Internment by Samira Ahmed

GoodReads Summary:
Rebellions are built on hope.
Set in a horrifying near-future United States, seventeen-year-old Layla Amin and her parents are forced into an internment camp for Muslim American citizens.
With the help of newly made friends also trapped within the internment camp, her boyfriend on the outside, and an unexpected alliance, Layla begins a journey to fight for freedom, leading a revolution against the camp’s Director and his guards.
Heart-racing and emotional, Internment challenges readers to fight complicit silence that exists in our society today.
InternmentReview:
What a horrifying potential future this story was. I cried for most of the beginning of this book. I chose to read this via audiobook and I just have to mention that it was incredibly well produced. Though there’s only one narrator, there were all sorts of interesting effects included. I don’t want to say that I enjoyed this story because it was terribly hard to listen to and it was a very hard topic, but it was a fascinating story.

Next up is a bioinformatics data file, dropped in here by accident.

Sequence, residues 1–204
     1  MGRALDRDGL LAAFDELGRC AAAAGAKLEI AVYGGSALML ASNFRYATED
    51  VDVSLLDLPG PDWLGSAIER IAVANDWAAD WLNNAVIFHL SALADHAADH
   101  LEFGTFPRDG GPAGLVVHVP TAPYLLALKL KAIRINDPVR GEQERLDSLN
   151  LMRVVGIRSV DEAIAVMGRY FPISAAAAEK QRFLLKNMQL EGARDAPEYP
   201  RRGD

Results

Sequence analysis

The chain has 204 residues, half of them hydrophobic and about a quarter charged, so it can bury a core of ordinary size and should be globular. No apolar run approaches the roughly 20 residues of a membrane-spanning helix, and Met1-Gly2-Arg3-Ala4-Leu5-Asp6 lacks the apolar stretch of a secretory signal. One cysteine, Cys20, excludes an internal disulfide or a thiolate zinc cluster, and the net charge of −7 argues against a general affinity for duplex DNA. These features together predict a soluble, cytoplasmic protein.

We follow Layla as her family is removed from their home and forced into an internment camp. This was the hardest part of the story. Samira Ahmed did an incredible job of filling Layla’s experience and internal thoughts with emotions. I couldn’t help but cry at the things that Layla was made to see and experience. The hardest thing for me about this story was how easily this “five minutes in the future” could come to pass. As someone who was born and raised as a white girl in America, I kept saying to myself, “this could never happen because of xyz.” Then, minutes later, Layla would say the same thing to her parents. I think that was the worst part for me. Layla was born in America, she was a citizen, and yet all of these horrible things were happening to her because her family wouldn’t hide their religion.